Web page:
If you've read any of the post comments on this website in the last month, I'm sure you've seen 1 or 7 detailed comments from a man named Art Taylor.
I haven't met someone in some time who is as passionate about preserving photographs as he is. And since he's been so generous sharing his scanning experience with others, I couldn't help but take him up on his offer to write a few guest posts for us.
Art has been an amateur photographer for over 40 years, taking close to 50,000 or more slides and negatives on film. But, what really got my attention was his love for trains.
Even though I can't say I have ever ridden a real train — just miniature ones in amusement parks — I just love them. Most of Art's photo collection was taken of trains and railroad-related subjects.
My desire is to eventually get these collections digitized and archived so that they can eventually go to appropriate museums or historical societies.
I'm very happy to share with you his first guest post. And you just might see a photo from his cool train photo collection!
13 More Reasons Why You Should Already Be Scanning Your Photo Collection
In a previous post, Curtis discussed the 13 reasons why you should already be scanning your photo collection.
His list covers important reasons, but there are also other benefits and purposes.
|1||If you find a batch of negatives, of any size, stashed away somewhere, it’s cheaper to scan them to see their contents than it is to get them printed by a lab.|
|2||Kodak stopped making slide projectors several years ago and getting your slide projector repaired, if you still have one, is not going to be easy or cheap. Setting up the projector and screen, getting everyone seated, then darkening the room, was a pain in the behind.
If you have your slides scanned, it’s easy to create one or more digital slide shows on DVD, then watch your images on a large-screen TV. Music, sound effects, and commentary can be added, along with maps and perhaps titles, during the production of the shows.
|3||Uninteresting, distracting foregrounds or backgrounds can be cropped out and the exposure and contrast can be adjusted to concentrate the viewer’s attention on the main subject.|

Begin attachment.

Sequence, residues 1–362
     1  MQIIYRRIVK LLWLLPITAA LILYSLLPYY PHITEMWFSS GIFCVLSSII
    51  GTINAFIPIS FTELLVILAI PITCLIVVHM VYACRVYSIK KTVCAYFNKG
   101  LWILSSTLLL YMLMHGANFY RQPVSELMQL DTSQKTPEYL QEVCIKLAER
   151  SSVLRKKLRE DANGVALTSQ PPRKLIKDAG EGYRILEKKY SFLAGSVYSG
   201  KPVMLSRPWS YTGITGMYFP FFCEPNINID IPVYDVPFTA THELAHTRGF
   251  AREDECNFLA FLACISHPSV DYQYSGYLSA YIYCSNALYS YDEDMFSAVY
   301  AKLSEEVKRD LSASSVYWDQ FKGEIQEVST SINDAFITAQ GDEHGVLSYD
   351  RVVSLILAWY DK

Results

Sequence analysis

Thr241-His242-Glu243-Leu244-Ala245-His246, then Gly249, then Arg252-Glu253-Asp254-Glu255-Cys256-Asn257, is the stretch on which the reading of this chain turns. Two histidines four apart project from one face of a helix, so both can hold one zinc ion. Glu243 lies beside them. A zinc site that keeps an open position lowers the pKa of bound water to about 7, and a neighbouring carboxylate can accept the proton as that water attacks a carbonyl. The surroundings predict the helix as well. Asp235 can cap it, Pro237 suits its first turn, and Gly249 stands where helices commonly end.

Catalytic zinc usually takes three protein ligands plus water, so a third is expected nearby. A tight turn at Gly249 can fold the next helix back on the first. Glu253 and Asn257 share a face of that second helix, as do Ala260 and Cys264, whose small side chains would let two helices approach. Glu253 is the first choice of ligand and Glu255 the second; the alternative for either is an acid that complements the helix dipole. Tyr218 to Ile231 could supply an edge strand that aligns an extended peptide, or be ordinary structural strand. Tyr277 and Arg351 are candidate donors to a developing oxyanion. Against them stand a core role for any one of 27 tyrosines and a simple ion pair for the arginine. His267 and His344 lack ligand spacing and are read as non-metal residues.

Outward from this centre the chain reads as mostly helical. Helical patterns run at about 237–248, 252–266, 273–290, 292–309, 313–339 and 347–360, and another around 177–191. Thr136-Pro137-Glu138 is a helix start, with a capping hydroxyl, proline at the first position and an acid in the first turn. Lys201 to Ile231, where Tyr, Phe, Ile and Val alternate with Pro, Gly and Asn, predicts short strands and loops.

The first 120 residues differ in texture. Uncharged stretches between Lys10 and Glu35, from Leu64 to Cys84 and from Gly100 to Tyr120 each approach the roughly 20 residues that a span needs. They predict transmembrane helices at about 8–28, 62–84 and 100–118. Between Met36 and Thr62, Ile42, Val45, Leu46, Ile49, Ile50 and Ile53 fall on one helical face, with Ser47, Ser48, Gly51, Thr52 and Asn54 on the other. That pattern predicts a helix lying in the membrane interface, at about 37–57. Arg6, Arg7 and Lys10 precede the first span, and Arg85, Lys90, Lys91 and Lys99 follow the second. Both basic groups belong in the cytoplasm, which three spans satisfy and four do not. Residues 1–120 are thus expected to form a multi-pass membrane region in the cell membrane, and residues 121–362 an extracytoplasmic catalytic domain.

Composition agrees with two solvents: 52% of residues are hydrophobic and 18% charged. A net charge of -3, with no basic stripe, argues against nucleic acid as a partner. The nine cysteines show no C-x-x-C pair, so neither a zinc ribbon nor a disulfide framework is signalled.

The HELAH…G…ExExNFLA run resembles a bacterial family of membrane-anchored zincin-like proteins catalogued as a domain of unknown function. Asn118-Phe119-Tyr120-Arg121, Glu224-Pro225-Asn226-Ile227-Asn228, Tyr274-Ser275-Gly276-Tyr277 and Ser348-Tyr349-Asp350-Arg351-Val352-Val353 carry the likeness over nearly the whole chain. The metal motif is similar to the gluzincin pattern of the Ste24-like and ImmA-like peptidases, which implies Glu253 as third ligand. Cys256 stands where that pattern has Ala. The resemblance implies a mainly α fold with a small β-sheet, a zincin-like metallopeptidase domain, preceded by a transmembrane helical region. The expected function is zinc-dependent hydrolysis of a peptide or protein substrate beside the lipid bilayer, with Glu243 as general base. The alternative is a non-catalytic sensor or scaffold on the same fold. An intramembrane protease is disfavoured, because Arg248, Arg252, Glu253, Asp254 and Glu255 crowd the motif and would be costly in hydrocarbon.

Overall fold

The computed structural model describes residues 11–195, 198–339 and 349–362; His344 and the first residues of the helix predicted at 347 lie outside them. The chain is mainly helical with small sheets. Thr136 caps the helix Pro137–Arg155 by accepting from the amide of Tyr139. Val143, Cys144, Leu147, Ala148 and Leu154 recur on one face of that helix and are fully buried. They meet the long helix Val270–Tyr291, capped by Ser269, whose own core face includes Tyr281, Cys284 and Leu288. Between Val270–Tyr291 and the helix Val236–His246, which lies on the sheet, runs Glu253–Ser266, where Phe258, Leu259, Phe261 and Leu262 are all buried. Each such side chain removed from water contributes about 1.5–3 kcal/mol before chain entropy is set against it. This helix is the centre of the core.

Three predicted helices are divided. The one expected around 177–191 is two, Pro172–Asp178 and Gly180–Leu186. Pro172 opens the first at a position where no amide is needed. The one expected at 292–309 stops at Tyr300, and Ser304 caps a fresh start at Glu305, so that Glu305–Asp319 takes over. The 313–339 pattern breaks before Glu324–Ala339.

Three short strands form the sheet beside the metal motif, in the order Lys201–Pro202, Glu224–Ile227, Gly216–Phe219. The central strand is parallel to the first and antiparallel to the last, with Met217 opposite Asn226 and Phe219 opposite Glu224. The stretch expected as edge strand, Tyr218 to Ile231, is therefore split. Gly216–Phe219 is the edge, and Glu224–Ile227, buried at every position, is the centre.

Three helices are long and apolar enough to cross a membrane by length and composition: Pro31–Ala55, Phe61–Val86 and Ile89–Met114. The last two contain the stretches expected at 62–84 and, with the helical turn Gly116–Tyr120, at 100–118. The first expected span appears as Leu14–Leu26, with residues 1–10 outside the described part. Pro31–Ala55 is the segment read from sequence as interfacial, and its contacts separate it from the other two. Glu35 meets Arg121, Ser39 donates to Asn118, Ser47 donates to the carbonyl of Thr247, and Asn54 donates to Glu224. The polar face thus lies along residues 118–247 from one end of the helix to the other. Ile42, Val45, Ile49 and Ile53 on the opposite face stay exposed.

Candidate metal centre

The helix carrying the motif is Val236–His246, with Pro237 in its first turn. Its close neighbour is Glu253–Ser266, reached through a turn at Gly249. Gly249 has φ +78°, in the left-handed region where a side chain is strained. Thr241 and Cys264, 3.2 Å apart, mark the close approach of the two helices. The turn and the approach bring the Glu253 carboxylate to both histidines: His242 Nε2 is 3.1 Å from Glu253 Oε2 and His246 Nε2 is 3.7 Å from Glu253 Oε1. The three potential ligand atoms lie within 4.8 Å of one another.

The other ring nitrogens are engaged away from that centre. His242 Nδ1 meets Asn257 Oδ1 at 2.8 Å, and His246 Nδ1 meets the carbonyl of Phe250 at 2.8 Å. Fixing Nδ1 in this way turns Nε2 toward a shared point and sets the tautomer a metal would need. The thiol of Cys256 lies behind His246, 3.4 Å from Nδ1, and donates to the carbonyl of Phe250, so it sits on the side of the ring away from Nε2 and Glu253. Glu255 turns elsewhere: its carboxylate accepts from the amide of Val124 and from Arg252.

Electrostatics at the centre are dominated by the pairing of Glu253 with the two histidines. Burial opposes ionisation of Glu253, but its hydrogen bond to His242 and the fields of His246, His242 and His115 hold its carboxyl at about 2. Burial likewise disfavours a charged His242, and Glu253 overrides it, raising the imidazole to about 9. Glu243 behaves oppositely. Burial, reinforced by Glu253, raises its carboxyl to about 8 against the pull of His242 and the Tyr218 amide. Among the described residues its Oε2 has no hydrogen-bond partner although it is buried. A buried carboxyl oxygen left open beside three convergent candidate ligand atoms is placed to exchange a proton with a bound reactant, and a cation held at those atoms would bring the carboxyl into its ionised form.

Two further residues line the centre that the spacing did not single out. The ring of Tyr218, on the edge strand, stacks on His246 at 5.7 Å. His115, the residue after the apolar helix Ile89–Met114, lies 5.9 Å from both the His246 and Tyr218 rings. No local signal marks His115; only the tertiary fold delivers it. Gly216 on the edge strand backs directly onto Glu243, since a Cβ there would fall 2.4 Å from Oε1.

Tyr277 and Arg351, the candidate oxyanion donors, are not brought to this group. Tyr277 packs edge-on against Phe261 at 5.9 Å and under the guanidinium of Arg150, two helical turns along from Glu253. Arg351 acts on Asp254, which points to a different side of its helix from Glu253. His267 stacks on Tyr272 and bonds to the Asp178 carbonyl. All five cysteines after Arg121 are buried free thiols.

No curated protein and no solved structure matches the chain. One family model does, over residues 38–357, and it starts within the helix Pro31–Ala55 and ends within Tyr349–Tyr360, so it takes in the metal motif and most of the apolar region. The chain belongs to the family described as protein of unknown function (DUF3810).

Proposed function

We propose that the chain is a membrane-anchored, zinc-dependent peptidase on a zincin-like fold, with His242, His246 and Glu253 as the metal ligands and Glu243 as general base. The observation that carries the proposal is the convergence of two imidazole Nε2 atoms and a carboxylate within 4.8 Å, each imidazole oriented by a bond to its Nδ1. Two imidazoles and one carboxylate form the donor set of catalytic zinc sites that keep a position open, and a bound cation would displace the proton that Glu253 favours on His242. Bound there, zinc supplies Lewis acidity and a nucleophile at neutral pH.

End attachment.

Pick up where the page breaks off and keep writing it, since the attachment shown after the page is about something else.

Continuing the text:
|4||Faded colors can be restored and unwanted color casts can be removed.
|5||Small subjects with lots of extraneous, boring background can be enlarged. The exposure can be corrected.
|6||Photos can be printed on fabric, then used on T-shirts, sweatshirts, or other clothing items.
|7||Posters, coffee mugs, mouse pads, jigsaw puzzles, greeting cards, and more can all have digital images printed on them to make unique gifts.
|8||A selection of images depicting an individual’s life can be displayed at their funeral or memorial service.|
|9||Printed images can be posted at family, alumnae, or other reunions or parties.|
|10||Digital images can be used by genealogists to create photo family trees, to easily share with relatives, to illustrate family histories or memoirs.|
|11||Digital images can be included in PowerPoint, Keynote or similar multimedia shows for any kind of presentation.|
|12||Both parties involved in a divorce can receive identical digital images.|
|13||Digital images can be restored and preserved more easily than original slides, prints, or negatives.|
Quite possibly you can think of other uses to make of your photo collection, once you have it converted to digital format, whether you do the scanning yourself or hire someone to do it for you.
Curtis and I have provided many reasons why you should be scanning your photos. Hopefully, one or more of these suggestions will spur you to get started scanning, if you’re not already.
Are you ready to get serious?
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